Written by Camilla Ceder — Readers and publishers alike are eager to discover the ‘next big thing’ in Scandinavian crime fiction. Will this story of love, jealousy and the trade in stolen cultural artefacts be what they’re looking for?
Two lovers are shot dead in a flat in Gothenburg, Sweden. The woman, Ann-Marie Karpov, was a lecturer and researcher at the Department of Archaeology, while the man, Henrik, was her student. Henrik’s girlfriend Rebecca has a history of possessive jealousy, stalker-ish habits and was moreover seen outside the flat that night. When Henrik and Rebecca’s flat gets burgled, the police discover a much more complicated affair, involving precious artefacts from Iraq and various events that occurred on a field trip to Istanbul three years earlier. With university friends trying to keep the love affair secret, and Karpov’s ex-husband also involved in archaeology, Inspector Christian Tell has no shortage of lies and half-truths to untangle. He pursues leads both false and real across Sweden and Denmark before he gets to the bottom of this mystery.
The book is the second in a series featuring Tell and his colleagues – the first one was called Frozen Moment – but it can be read as a standalone, although there are a few references to the previous case. There is much to like in the book. It is a good, solid police procedural, but with an additional layer of psychology. The author gives motivation not just to the main characters, but to the secondary ones as well. While this may add to the complexity of the novel, it does also occasionally derail the narrative. There are times when the descriptions of Henrik as a drifter without much purpose or Seja’s friend Hanna, a single mum registered too sick to work, sound like a rant about the over-generous Sweidsh social welfare system.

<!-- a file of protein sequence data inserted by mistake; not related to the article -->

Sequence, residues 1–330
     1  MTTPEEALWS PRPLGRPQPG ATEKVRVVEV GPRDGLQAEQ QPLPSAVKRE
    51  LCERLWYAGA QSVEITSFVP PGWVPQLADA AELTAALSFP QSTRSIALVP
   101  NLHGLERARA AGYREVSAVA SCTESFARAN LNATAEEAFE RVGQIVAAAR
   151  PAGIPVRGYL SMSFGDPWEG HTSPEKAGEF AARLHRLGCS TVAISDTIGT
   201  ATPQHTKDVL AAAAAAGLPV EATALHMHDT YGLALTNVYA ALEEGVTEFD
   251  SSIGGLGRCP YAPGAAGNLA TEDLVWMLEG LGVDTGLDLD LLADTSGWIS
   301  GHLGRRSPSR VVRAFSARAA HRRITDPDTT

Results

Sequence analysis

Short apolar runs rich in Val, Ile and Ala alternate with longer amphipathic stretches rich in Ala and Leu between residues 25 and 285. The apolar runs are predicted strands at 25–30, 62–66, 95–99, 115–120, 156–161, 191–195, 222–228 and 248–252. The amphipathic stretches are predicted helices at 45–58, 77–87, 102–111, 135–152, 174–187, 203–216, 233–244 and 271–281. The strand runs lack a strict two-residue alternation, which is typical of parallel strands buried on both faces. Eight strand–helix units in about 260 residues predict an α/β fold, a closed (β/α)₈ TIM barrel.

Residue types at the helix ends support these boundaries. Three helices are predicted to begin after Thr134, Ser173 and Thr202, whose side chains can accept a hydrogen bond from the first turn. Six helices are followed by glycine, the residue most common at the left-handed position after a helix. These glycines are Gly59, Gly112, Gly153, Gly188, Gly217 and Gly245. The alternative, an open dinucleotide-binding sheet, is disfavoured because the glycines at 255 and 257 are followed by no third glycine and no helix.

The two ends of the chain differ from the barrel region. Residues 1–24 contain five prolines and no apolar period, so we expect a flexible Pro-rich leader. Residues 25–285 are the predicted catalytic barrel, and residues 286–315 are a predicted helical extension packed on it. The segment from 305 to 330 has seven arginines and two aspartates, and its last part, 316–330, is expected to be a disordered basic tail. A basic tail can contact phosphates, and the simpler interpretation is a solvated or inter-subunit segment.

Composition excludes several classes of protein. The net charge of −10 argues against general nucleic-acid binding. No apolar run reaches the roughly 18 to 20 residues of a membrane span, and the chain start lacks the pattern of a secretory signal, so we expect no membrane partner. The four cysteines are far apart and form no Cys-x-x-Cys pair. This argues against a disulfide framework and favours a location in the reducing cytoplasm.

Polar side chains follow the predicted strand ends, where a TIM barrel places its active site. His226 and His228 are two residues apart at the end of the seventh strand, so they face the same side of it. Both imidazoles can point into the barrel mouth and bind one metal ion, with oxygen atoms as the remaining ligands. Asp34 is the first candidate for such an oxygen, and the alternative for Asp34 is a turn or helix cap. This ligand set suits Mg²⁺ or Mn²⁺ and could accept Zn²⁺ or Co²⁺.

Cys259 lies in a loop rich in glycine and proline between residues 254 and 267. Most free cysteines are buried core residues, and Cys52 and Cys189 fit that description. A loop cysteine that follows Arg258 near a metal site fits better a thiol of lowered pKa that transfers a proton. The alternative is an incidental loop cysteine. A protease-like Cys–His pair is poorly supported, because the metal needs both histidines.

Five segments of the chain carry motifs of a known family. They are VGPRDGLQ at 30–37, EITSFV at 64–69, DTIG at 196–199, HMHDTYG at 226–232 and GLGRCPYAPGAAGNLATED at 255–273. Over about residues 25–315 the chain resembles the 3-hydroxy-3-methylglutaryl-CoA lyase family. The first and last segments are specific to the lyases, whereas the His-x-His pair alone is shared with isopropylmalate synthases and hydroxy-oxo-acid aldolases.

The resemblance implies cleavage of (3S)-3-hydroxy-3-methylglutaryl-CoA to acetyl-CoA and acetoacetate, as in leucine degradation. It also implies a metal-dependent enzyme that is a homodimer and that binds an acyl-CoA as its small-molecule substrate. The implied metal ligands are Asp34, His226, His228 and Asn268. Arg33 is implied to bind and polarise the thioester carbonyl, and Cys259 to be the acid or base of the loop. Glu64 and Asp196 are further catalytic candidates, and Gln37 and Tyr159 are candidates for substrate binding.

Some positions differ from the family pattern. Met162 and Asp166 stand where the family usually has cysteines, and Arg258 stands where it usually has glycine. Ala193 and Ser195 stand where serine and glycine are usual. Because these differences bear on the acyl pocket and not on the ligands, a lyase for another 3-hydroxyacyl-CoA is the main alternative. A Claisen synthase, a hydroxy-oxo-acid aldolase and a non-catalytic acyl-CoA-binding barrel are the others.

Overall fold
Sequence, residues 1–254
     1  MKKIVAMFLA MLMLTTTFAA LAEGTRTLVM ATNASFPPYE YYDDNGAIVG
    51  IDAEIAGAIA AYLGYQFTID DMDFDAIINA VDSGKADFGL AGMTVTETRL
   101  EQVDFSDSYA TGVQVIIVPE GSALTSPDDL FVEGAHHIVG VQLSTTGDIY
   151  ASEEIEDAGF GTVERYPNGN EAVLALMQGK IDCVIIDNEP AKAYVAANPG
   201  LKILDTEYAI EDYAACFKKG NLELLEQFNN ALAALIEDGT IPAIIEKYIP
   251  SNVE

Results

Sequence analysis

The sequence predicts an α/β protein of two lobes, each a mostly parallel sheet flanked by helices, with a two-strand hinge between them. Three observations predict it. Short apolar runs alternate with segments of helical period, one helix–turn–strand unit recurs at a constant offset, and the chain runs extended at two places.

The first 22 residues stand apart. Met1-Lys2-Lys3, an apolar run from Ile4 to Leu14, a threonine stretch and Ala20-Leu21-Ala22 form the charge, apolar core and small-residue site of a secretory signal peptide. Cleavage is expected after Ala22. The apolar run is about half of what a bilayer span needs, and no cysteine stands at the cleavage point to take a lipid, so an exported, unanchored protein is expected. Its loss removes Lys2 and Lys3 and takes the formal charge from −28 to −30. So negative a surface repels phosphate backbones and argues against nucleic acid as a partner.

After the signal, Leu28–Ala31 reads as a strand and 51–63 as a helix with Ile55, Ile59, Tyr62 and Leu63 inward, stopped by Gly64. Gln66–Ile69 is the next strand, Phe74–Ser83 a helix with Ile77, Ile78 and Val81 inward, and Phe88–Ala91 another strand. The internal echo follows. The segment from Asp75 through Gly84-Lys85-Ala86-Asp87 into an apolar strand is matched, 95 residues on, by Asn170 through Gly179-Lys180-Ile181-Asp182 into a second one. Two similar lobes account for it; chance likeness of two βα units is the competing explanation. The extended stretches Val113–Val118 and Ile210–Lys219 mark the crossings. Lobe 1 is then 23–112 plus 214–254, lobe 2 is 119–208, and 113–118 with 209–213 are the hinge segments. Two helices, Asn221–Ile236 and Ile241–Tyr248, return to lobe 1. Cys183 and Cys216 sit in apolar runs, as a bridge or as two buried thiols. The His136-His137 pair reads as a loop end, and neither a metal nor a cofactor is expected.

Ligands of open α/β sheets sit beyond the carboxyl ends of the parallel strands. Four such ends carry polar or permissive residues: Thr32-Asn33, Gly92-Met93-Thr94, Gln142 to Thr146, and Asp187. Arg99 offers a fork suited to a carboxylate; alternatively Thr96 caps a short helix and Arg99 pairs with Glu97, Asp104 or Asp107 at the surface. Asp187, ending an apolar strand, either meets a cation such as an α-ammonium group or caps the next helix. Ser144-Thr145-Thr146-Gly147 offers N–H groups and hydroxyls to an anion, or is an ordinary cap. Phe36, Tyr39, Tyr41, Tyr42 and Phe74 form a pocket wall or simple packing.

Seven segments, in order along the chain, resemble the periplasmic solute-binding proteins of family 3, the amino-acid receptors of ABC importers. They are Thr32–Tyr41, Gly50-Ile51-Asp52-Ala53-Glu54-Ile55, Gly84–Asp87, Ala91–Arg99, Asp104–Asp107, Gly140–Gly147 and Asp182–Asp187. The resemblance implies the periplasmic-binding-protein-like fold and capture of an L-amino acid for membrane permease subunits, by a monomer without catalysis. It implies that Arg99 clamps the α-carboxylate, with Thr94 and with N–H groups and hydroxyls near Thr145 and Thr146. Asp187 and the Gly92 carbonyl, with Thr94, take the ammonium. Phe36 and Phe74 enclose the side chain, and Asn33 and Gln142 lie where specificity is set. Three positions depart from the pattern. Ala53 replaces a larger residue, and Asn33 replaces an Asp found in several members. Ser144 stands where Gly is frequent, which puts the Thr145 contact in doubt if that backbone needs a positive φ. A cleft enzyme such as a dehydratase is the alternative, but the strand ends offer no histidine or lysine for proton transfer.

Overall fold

The characters are realistic and interesting. Tell is younger, more charming and less grumpy than Wallander, but he is suspicious of his new boss and reluctant to commit to his girlfriend Seja. There are at least two other members of the team who have the potential to become lead characters in further books in the series: Beckman, the determined single mother, and Karlsberg, who thinks no woman would look at him twice. So much of the book is written from the point of view of Seja and such fuss is made of the remote forest location where she chooses to live, that I was expecting a kidnapping or murder to take place there sooner or later.
The author has been compared to Jo Nesbo or Henning Mankell, but on the strength of this book alone, don’t hold your breath. Still, Babylon is an interesting foray into the world of stolen art and a welcome new addition to the Scandinavian crime canon.
Weidenfeld & Nicolson
CFL Rating: 3 Stars